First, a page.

Breast Cancer

On April 4, 2019, the US Food and Drug Administration (FDA) expanded the indication of palbociclib (Ibrance; Pfizer), a kinase inhibitor, in combination with specific endocrine therapies for men with hormone receptor (HR)-positive, human epidermal growth factor receptor 2 (HER2)-negative advanced or metastatic breast cancer. This is the first hormonal-based therapy to be approved for men.
On March 27, 2019, the US Food and Drug Administration (FDA) issued an alert from its Office of Women’s Health announcing that, after more than 20 years of regulatory oversight, the agency is proposing amendments to the existing policy governing mammography services.
Lisocabtagene maraleucel (liso-cel), an investigational CD19-directed chimeric antigen receptor (CAR) T-cell therapy, has induced durable responses in high-risk patients with ag­gressive relapsed or refractory non-Hodg­kin lymphoma (NHL), according to data presented at ASCO 2018.
One of the most important stud­­­ies presented at ASCO 2018 showed that endocrine therapy alone was noninferior to endocrine therapy plus chemotherapy in women with estrogen receptor (ER)-positive, HER2-­negative, node-negative early-stage breast cancer and an intermediate risk score (score, 11-25) on the Oncotype DX gene-expression assay for breast cancer.
A novel drug is showing significant promise in metastatic breast cancers, offering renewed hope to patients with late-stage, difficult-to-treat solid tumors. According to data presented at ASCO 2018, sacituzumab govitecan demonstrated significant clinical activity as a single agent in heavily pretreated patients with hormone receptor (HR)-positive, HER2-negative metastatic breast cancer.
The current standard of care for women with early, HER2-positive breast cancer is 12 months of trastuzumab (Herceptin). Analysis of the phase 3 randomized clinical trial PERSEPHONE showed that 6 months of treatment with trastuzumab was noninferior to 12 months in terms of disease-free survival. Furthermore, a shorter course of trastuzumab was associated with a 50% reduction in cardiotoxicity leading to cessation of therapy.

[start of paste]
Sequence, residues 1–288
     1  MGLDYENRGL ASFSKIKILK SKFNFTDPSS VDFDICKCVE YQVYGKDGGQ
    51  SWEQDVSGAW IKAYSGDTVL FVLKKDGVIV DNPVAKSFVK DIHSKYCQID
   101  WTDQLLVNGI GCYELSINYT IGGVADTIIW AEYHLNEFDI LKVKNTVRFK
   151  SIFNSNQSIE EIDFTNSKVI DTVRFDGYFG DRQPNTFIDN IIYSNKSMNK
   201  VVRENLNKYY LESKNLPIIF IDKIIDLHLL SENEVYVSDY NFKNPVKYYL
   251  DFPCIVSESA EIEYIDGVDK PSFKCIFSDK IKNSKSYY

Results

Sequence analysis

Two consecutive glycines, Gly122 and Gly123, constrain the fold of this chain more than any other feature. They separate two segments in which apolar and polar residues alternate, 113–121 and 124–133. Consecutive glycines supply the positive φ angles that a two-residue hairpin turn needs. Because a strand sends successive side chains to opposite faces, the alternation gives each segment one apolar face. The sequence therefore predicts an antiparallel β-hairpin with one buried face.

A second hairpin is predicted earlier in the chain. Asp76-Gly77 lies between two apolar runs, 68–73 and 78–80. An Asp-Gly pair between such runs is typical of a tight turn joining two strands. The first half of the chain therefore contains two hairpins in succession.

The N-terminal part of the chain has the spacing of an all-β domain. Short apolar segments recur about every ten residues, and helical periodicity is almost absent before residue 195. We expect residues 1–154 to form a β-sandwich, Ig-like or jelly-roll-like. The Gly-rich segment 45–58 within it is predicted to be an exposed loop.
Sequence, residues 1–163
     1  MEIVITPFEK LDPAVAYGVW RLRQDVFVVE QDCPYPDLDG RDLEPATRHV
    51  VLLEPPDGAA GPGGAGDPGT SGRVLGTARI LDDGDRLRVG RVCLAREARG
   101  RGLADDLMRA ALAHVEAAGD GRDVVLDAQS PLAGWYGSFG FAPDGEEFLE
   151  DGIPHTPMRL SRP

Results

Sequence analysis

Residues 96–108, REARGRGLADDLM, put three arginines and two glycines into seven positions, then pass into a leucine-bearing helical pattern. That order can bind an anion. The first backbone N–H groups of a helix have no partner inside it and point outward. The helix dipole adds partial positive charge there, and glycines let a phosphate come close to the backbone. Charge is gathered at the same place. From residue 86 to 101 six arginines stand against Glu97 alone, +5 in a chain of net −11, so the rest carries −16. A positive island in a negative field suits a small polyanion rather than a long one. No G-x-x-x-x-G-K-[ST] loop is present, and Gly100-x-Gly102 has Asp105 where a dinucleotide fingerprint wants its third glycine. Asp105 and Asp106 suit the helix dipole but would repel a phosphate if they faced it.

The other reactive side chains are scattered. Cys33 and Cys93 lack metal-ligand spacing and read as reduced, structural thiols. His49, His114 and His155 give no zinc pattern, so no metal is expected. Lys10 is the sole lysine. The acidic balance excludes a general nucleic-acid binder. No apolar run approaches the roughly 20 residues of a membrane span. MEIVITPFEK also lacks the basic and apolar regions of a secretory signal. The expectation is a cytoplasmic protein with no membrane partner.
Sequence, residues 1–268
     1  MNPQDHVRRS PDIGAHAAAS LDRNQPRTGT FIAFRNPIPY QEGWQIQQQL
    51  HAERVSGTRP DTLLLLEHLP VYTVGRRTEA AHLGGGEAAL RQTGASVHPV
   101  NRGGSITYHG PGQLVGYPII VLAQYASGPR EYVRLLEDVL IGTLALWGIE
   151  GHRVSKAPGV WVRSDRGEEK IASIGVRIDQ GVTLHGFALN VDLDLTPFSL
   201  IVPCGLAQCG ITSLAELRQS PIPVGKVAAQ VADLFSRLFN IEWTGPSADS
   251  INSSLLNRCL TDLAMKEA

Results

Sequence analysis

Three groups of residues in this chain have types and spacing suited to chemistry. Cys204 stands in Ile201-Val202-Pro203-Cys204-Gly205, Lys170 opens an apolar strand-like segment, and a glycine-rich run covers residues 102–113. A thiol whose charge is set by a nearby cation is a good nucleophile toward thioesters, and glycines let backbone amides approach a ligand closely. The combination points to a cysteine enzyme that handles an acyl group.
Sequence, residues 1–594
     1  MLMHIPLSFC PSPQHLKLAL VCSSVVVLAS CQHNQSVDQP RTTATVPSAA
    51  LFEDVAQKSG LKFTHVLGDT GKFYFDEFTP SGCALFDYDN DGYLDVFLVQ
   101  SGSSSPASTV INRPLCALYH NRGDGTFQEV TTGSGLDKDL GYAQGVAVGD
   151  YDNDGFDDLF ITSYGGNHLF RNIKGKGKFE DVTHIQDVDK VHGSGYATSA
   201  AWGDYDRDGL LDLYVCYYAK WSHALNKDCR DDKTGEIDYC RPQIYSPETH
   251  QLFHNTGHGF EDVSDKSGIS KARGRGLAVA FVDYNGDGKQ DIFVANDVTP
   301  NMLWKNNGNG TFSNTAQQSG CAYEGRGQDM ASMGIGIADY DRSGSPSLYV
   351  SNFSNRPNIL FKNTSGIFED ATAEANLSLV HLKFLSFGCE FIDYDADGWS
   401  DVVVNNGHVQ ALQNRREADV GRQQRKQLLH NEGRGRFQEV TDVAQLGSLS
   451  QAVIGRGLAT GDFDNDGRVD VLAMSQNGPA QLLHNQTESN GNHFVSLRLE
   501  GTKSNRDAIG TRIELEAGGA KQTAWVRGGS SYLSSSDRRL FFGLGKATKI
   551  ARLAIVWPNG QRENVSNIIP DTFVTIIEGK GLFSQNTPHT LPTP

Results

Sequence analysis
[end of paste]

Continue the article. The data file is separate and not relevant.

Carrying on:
When breast cancer recurs or is diagnosed at an advanced stage, treatment is complicated by the diverse nature of the disease, with several molecular subgroups with distinct tumor biology responding differently to different therapies.
Chicago, IL—The PARP inhibitor olaparib (Lynparza) significantly improved progression-free survival (PFS) compared with standard chemotherapy in women with HER2-negative metastatic breast cancer with a germline BRCA mutation. Disease progression was delayed by approximately 3 months with olaparib in the multinational, randomized, open-label, phase 3 OlympiAD clinical trial, reported Mark E. Robson, MD, Clinic Director, Clinical Genetics Service, Memorial Sloan Kettering Cancer Center, New York City, at the 2017 ASCO annual meeting.
Chicago, IL—The addition of the investigational CDK4/CDK6 inhibitor abemaciclib to fulvestrant (Faslodex) extended progression-free survival (PFS) by 7 months in women with hormone receptor (HR)-positive, HER2-negative advanced breast cancer, reported George W. Sledge, Jr, MD, Professor, Medical Oncology, Stanford University Medical Center, Palo Alto, CA, who presented the results of a large study at the 2017 ASCO annual meeting.

During each patient’s laboratory work-up, oncology specialists rely on findings related to the tumor’s estrogen receptor (ER) and progesterone receptor status, as well as the amplification and overexpression of the human epidermal growth factor receptor 2 (HER2), to direct treatment planning.2,3

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